With schools forced to close its doors due to the coronavirus outbreak, classes will now be held online as not to disrupt their education. However, millions of children in Asia risk falling behind because of unequal access to the internet as classes go online, technology and human rights experts warned on Friday.
An unprecedented 363 million children and youth worldwide are affected by closures of schools and universities and the number is expected to rise as more countries implement lockdowns according to data released by this week by the United Nations’ education agency UNESCO.
“The global scale and speed of the current educational disruption is unparalleled and, if prolonged, could threaten the right to education,” UNESCO Director-General Audrey Azoulay said in a statement.
As countries deal with the situation, it is important to “ensure this crisis promotes innovation and inclusion and does not exacerbate learning inequalities,” she said.
Schools are deploying distance-learning programmes and education applications and platforms, including radio and the internet to reach students remotely.
But the so-called “digital divide” – which refers to the gap between those who have access to computers and the internet, and those with limited or no access – is a challenge.
About 54% of the global population – or 4.1 billion people use the internet. But only two out of 10 in the least developed countries are online, according to the International Telecommunication Union (ITU), the U.N.’s internet and telecoms agency.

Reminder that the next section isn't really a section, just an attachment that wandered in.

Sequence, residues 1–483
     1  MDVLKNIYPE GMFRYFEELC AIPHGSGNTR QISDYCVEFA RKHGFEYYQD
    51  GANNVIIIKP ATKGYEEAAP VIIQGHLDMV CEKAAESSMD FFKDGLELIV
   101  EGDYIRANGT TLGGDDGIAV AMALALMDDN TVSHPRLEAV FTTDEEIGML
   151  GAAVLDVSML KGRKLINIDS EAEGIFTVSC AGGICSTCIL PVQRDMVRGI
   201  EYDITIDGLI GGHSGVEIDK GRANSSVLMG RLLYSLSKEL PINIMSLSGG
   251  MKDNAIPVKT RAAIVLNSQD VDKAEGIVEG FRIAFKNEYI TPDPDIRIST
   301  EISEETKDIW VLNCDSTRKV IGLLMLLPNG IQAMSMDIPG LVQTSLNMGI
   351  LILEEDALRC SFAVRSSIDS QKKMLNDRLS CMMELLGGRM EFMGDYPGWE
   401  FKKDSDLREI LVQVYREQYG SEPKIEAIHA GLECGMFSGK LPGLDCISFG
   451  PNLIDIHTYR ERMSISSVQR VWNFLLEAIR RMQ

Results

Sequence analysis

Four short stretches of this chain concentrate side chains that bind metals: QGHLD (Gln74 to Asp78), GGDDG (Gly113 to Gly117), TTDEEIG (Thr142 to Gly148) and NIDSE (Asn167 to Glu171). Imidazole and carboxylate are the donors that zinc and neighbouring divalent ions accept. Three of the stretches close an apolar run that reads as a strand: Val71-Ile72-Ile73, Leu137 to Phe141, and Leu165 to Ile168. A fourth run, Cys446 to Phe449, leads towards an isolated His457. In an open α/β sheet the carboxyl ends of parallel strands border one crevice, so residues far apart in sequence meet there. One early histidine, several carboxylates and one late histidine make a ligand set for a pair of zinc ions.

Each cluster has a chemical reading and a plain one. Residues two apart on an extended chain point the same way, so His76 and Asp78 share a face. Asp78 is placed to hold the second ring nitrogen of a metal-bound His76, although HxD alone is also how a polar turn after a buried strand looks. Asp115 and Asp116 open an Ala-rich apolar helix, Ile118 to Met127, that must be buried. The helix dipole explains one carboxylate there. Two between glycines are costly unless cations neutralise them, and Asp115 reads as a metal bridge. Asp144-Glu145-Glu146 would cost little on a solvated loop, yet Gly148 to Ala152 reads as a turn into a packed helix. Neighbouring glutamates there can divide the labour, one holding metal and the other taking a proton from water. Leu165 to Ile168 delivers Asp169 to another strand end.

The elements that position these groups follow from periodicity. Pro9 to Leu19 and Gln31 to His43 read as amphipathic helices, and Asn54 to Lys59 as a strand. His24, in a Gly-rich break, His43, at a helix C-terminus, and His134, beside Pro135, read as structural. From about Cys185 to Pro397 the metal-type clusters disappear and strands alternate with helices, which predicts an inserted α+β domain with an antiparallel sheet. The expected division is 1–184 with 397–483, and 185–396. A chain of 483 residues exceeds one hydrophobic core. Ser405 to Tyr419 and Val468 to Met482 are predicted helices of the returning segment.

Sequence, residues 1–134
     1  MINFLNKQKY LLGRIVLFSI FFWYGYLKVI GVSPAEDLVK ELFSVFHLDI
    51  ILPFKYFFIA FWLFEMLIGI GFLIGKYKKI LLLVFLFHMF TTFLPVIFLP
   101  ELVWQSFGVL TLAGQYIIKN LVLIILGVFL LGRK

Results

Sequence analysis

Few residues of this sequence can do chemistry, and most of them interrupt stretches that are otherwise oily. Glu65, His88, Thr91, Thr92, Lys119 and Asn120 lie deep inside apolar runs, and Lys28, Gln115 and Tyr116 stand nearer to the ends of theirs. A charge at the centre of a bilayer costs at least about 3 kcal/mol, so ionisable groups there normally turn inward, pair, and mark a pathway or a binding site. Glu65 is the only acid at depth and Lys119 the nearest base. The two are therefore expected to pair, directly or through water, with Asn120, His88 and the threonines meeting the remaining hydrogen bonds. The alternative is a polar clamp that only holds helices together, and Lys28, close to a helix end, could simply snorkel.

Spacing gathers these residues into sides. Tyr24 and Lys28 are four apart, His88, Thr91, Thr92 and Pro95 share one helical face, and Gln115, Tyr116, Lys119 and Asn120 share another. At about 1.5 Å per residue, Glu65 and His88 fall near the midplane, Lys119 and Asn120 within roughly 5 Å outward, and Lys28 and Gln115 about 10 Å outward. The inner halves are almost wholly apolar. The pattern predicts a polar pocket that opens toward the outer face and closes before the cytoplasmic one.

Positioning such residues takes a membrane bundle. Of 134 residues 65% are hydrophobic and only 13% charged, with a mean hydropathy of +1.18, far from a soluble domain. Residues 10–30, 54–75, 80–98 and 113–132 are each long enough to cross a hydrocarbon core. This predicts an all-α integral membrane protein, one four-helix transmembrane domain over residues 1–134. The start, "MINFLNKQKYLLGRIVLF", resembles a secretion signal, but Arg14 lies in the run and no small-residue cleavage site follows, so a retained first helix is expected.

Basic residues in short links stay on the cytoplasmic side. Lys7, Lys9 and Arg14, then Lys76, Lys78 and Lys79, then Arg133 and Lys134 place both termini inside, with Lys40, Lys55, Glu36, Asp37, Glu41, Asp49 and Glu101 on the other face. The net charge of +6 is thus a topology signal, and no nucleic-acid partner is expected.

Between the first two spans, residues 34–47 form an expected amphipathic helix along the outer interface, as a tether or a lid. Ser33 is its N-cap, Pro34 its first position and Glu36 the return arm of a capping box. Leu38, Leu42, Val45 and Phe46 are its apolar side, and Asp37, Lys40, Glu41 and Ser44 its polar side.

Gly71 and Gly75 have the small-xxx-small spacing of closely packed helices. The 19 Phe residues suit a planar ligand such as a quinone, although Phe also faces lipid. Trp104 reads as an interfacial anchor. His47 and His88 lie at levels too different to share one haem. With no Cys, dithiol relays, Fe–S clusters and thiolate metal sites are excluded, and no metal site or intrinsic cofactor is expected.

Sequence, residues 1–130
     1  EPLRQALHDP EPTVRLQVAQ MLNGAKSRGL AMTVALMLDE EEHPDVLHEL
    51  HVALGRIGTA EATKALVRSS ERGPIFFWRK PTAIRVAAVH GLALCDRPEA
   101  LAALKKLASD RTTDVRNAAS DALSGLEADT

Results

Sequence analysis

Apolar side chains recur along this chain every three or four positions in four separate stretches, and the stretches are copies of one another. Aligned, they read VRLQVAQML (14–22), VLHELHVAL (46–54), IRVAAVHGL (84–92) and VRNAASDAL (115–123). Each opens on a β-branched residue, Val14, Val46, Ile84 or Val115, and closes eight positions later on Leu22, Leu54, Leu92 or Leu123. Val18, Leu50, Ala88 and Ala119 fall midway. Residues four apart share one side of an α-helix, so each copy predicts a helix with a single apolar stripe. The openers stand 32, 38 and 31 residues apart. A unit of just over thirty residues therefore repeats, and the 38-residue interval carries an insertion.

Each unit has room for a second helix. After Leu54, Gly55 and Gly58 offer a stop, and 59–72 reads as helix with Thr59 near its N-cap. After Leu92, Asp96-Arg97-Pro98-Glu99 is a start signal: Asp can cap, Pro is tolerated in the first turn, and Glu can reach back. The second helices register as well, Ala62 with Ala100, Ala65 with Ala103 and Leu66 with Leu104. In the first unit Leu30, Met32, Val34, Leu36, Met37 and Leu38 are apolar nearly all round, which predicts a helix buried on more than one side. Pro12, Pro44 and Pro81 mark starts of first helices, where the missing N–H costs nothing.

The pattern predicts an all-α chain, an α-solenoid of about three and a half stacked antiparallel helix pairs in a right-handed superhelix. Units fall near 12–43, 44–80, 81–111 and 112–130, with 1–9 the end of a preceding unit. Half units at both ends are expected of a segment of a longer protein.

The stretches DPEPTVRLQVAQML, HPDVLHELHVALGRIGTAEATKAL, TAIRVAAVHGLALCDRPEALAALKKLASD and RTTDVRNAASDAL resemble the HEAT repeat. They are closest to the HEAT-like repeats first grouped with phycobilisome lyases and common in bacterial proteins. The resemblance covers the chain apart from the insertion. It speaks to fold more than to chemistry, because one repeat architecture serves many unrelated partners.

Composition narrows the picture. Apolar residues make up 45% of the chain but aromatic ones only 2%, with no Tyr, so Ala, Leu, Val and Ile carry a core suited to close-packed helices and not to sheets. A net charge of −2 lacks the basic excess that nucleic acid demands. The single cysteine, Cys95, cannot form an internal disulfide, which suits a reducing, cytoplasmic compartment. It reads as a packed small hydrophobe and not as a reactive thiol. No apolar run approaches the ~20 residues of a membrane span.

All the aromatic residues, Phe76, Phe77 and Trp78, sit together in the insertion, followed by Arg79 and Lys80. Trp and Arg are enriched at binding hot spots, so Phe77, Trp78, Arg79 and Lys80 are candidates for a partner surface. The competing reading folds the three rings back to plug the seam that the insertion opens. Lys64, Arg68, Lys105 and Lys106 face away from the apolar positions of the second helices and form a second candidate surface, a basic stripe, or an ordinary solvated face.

“Digital exclusion in general reflects and entrenches broader patterns of disadvantage across age, gender, social and economic dimensions,” said Julian Thomas, a communications professor at Australia’s RMIT University.
“The cost of internet access can be prohibitive for low-income families and the infrastructure and services necessary for everyone to be able to use the internet at home is unevenly distributed across urban, rural and remote areas,” he said.
Low-income families are particularly dependent on mobile devices for internet access, which may not be suited for learning purposes, he told the Thomson Reuters Foundation.
Those families also tend to rely on schools, libraries, workplaces and community centres for internet access, and are “substantially disadvantaged” when these are closed, he said.
In India, where primary schools in Delhi, and schools and colleges in Kerala state are closed until April to fight the spread of the coronavirus outbreak, education charities say they are worried about girls dropping out.
Nearly a fourth of the country’s girls leave school before puberty, with the result that the female literacy rate is 66% compared to 80% for men, according to census data.
In Delhi, the closure coincides with the holiday period. If it extends beyond March 31, then parents may be involved in lessons, and some classes may be moved online, said Shailendra Sharma, principal advisor at the directorate of education.
“We recognise that in government schools, many students are first-generation learners, so parents may not be able to help much. Nor does every student have access to a smartphone or tablet,” he said.
“So there may be challenges if the shutdown lasts longer.” (Source: Thomson Reuters Foundation)